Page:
Cybersecurity is more important than ever before, with small and medium-sized businesses saving thousands of files, making payments and accessing various software platforms and accounts every single day.
To ensure your business is properly protected from the risks of cybercrime, it’s crucial that your company’s network is able to withstand a range of attacks.
In this blog, we are going to be focusing on a specific type of cybercrime - brute force attacks. We will take a look at what they are, how your business can recognize when they are a threat to your network, as well as some fairly simple steps to help you prevent brute force attacks from impacting your business.
If you would like to learn more about cybercrime and how to protect your business, please read our Complete Guide to Cybersecurity for Small Businesses in Ontario.
What is a brute force attack?
A brute force attack is a form of hacking that uses trial-and-error to guess login information, encryption keys and other sensitive access points into a company’s network. These hackers essentially try millions of possible passwords until they guess correctly and gain entry.
This type of attack would be near-impossible if tried by a human, since it would be an incredibly time-consuming and tedious task. However, hackers are now using scripts that run billions of combinations of numbers, letters and symbols continuously until they crack the password.
Once they have gained access to your network, some of the most common goals of a brute force attack hacker are to:
- Steal sensitive information.
- Use your credential for credential stuffing (which we explain later in this blog).
- Compromise your website.
- Harvesting your credential to sell to third parties.
- Posing as your company to send phishing links or spread fake content.
- Redirecting your domains to websites holding malicious content.
In some cases, brute force attacks can be used in a positive manner to test your company’s network security. Many cybersecurity IT specialists will use a brute force attack to analyze how strong the encryption is on a company’s network.
The most common types of brute force attacks
There are four main types of brute force attacks, which use various approaches in a bid to crack your company’s passwords and breach your network for malicious activity. Here are the four types of brute force attack:
Dictionary attack: The most basic form of brute force attack, in which a hacker will pick a target and then run through possible passwords using a dictionary of the most common passwords.
Reverse brute force: Rather than target a specific username, reverse brute force attacks start with common passwords and then go through a list of possible usernames. The most common passwords are still incredibly insecure, with the top three passwords used in 2020 being 123456, 123456789, and picture1.
Hybrid brute force: This is a combination of both the above two brute force attacks. This tactic typically combines the most common passwords with random characters in a bid to gain access to a company’s accounts.
Credential stuffing: Once a username and password is known by a hacker, they will then use this information to gain access to multiple websites and network resources. It’s believed that almost two-thirds of people use the same password across multiple accounts.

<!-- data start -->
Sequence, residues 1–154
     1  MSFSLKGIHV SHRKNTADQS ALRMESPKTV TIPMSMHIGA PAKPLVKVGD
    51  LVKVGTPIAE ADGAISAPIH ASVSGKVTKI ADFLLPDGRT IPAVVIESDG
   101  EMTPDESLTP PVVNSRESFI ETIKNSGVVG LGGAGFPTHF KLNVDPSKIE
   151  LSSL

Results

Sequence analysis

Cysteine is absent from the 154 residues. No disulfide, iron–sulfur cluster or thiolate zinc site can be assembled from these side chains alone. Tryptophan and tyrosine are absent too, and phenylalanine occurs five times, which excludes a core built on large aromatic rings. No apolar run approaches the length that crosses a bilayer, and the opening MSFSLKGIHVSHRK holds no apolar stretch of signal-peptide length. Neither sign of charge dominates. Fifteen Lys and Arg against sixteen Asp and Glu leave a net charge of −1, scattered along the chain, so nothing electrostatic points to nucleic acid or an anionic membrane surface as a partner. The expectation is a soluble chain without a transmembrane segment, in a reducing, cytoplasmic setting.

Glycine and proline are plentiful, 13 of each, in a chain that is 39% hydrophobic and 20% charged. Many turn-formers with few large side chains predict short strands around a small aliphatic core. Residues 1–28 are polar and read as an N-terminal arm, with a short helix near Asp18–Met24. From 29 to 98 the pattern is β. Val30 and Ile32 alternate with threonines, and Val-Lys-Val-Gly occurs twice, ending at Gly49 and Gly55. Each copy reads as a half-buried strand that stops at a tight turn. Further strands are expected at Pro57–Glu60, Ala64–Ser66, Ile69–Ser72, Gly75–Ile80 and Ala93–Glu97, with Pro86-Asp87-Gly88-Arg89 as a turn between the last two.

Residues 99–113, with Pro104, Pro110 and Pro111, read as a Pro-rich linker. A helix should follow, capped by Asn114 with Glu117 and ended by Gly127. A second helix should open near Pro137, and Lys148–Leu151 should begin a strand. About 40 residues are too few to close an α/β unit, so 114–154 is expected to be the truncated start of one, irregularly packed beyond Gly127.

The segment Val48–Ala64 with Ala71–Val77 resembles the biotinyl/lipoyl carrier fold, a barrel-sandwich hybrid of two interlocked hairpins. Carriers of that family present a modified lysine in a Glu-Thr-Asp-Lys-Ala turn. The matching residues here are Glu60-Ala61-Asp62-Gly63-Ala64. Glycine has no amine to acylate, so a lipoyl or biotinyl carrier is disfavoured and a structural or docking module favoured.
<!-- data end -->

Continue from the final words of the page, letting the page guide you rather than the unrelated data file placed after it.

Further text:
How can your company recognize a brute force attack?
The most effective way to recognize whether your business is under threat from a brute force attack is by either looking for multiple failed login attempts from the same IP address or an increase in load on your server from an influx of post requests to your website.
To ensure your business is protected, you should look for a cybersecurity solution specifically designed for small and medium-sized businesses that monitors your company’s network and detects vulnerabilities in real-time.
How to prevent a brute force attack on your business
To enhance your cybersecurity solution, there are a few other methods that you can implement into your organization to protect your business from brute force attacks. Here are some of the top things you can do:
Maintain good password hygiene
Unless encouraged, it’s unlikely that your company’s employees will ever change their passwords. This makes it far easier for brute force hackers to gain access to your accounts and network. Make it a part of your cybersecurity policy that employees change their password every 60 to 90 days, using a range of upper and lowercase letters, numbers and symbols.
Use multi-factor authentication (MFA)
To add an additional layer of security against brute force attacks, we recommend using multi-factor authentication. This adds an extra step to the login process, sending a notification to a user’s phone to confirm their identity before allowing the user to access their account.
Enable a limited number of failed login attempts to your accounts
Brute force attacks rely on continuously guessing your password over and over again until they eventually gain access. By restricting the number of failed login attempts to your accounts, you’ll make it significantly more difficult, and time-consuming, for a hacker to guess your password.
Training your employees on cybersecurity protocol
Design a cybersecurity handbook and train your employees on the cybersecurity best practices that will secure your business. Your employees are the first line of defence against cybersecurity. Any mistakes they could lead to a vulnerability in your organization’s network that hackers can take advantage of.
Want to learn more about preventing brute force attacks, or simply have any questions about building a robust cybersecurity strategy? Contact OT Group today. Our team of IT, technology and cybersecurity experts would love to help.